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Date: 1923

Material: pongee silk, lace, shell buttons



Label: none

Textured pink pongee silk envelope chemise with ecru lace at bust and hem.  Flap closure with two shell buttons at center from and back of garment.  Side dart sand pleats to give garment fullness at the hips.  Silk ribbon straps and bow at bust.


Bust: 33 inches

Waist: 34 inches

Hips: 35.5 inches

Length: 25 (not including straps)

Strap height: 7.5 inches

More Information: First appearing in 1917, the envelope chemise gained several names throughout the era, including cami-knickers and step-ins. The small placard between the legs differentiates this garment from a slip or chemise, and could be worn either under or over a corset.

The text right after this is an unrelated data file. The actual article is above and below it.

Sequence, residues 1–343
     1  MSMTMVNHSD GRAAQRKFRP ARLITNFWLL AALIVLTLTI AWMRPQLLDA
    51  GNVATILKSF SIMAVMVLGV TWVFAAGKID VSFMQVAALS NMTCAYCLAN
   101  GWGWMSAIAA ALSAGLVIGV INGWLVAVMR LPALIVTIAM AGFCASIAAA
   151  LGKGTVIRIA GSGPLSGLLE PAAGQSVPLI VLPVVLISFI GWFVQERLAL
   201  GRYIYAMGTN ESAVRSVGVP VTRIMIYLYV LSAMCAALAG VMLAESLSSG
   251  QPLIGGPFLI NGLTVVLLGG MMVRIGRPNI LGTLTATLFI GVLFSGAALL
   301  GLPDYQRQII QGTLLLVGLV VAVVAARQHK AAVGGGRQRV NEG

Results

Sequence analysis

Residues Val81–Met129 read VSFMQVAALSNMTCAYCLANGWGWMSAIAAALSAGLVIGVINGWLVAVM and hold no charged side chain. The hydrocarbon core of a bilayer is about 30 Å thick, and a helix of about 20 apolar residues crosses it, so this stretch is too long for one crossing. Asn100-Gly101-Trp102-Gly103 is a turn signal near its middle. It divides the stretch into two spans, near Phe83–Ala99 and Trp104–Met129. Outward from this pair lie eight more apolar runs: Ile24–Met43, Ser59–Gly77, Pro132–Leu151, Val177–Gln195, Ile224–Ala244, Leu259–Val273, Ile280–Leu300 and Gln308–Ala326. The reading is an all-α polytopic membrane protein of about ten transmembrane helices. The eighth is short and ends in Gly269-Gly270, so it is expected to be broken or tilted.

Mary Brooks Picken, fashion professor at Columbia, founder of the Women’s Institute of Domestic Arts and Sciences, and one of five founders of the Metropolitan Museum of Art’s Costume Institute, wrote in Dress and Look Slender, 1924, that “Combination suits. . . are suggested for slenderness. . . . For without smooth, perfect fitting underwear, your outer garments cannot possibly give you that appearance of sylph-like slenderness which is your goal.” Picken also stated something similar in Underwear and Lingerie, 1925, further emphasizing slenderness and the use of cami-knickers: “The manner in which a combination is cut makes it possible to obtain a very slender effect through the upper portion with a flare or fulness below it. This undergarment is therefore a wise choice for the woman inclined to stoutness.”

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